Life and Love in the Utah Desert

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In this immersive piece for Outside, Mark Sundeen writes about his last two decades spent living in a trailer in Moab, Utah. An English major from San Francisco, when he first arrives in the “sweltering hamlet” Sundeen finds himself in awe of the rugged characters he meets. Ashamed of his own bookishness, he seeks to hide it and emulate their qualities, to become “the sort of man who is competent with chains and repairs, rough roads and icy curves.” He also finds himself drawn to the new type of women he meets, none more so than Wendy. Sundeen develops an obsession for the former rancher that lasts for years, to the detriment of other relationships. Sundeen describes his romantic history with great self-awareness, painting a vivid picture of the women in his life, as well as the arid atmosphere of the Moab desert that forms a backdrop to his personal development.

The upshot of seeing Wendy was that when I moved back to Moab in that summer of 1999, age 28, she rented me the trailer for $300 a month. I wouldn’t trouble her with complaints but would do any repairs myself.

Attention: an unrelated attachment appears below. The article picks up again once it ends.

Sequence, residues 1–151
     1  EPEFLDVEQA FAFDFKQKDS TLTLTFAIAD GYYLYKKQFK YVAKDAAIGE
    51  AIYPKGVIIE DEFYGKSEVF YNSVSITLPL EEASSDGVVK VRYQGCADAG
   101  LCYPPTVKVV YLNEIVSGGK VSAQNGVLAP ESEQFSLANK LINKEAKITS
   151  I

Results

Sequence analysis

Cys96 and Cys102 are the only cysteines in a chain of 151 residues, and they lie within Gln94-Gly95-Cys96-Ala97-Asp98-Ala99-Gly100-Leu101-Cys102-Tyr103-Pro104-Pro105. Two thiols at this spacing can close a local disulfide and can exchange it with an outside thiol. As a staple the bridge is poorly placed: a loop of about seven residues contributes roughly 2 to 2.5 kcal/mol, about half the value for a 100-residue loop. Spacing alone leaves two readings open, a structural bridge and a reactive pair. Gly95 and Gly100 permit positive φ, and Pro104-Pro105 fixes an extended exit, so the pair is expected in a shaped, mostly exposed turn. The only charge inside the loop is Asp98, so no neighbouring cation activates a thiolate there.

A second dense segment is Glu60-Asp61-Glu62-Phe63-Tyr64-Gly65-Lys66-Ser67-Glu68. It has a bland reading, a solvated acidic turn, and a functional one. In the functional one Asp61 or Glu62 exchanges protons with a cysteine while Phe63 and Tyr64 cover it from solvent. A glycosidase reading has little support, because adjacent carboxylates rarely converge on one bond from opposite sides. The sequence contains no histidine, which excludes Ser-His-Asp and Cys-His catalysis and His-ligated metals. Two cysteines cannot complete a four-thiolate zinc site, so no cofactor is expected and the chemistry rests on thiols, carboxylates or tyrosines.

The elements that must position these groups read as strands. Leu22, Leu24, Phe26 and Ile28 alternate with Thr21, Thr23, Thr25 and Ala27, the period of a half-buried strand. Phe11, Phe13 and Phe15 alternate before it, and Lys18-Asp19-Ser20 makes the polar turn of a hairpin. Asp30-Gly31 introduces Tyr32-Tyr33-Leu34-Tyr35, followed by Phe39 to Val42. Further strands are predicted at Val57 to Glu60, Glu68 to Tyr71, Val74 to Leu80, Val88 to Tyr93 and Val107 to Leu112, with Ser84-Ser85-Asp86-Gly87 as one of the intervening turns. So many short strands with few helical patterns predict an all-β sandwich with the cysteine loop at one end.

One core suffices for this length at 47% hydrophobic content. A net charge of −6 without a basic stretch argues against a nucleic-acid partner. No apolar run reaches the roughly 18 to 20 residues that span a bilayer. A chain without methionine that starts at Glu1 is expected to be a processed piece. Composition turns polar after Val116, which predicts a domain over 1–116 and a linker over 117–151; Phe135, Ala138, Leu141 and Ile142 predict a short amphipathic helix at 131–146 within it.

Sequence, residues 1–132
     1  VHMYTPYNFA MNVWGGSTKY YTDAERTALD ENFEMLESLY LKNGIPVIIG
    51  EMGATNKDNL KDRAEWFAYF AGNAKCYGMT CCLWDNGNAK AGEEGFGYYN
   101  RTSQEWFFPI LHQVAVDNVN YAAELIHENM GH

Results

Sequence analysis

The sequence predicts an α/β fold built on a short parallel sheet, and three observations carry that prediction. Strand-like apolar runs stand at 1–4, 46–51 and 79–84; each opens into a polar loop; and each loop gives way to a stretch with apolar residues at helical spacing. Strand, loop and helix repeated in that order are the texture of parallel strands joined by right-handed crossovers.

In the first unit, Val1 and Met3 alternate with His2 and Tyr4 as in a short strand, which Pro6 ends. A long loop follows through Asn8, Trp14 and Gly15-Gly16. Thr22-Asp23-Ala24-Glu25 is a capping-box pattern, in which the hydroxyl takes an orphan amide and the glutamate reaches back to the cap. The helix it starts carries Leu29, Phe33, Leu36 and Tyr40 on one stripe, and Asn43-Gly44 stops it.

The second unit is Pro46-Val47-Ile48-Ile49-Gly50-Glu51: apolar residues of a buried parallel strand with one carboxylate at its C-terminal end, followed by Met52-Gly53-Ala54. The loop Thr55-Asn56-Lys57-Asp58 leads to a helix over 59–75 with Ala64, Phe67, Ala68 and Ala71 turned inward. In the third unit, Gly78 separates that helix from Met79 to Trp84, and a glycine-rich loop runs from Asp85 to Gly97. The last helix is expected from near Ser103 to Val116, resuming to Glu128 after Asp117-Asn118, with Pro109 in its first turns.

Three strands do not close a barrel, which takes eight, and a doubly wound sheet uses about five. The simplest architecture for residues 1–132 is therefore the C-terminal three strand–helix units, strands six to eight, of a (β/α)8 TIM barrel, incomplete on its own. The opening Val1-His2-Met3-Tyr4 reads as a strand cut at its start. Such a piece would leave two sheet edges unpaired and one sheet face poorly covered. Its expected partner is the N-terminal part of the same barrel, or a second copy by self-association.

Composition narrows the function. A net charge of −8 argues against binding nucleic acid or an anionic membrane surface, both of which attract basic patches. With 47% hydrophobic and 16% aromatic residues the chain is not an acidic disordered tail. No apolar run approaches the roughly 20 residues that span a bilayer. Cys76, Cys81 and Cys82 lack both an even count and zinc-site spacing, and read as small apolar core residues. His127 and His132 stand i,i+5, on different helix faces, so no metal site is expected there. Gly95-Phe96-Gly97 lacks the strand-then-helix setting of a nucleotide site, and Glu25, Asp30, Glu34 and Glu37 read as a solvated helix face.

I woke each night at 3 A.M. with my lungs clenched and visions of Q in my head. She’d been seen in Moab with that snowboarder. Now and then I’d call and tell her how she betrayed me. I wallowed in the fantasy of my unrequited longing.

The story I told myself eventually unraveled. I replayed the memories. That night she offered herself to me: I hadn’t declined out of some sense of chivalry. It was because, even as every molecule burned to make a child with her, I couldn’t envision us raising the thing. All I could see us doing was smoking in bed and engineering increasingly innovative paroxysms. Which was what I thought love was.

Q already saw me more clearly than I did. I had shown her my heart, and she’d seen the cautious vanity I couldn’t hide. In the future I wouldn’t be so embarrassed to be a delicate writer, and I would treasure the exchange of ideas about literature and writing with a woman. But not yet. I still couldn’t see past my own delusion.

Read the essay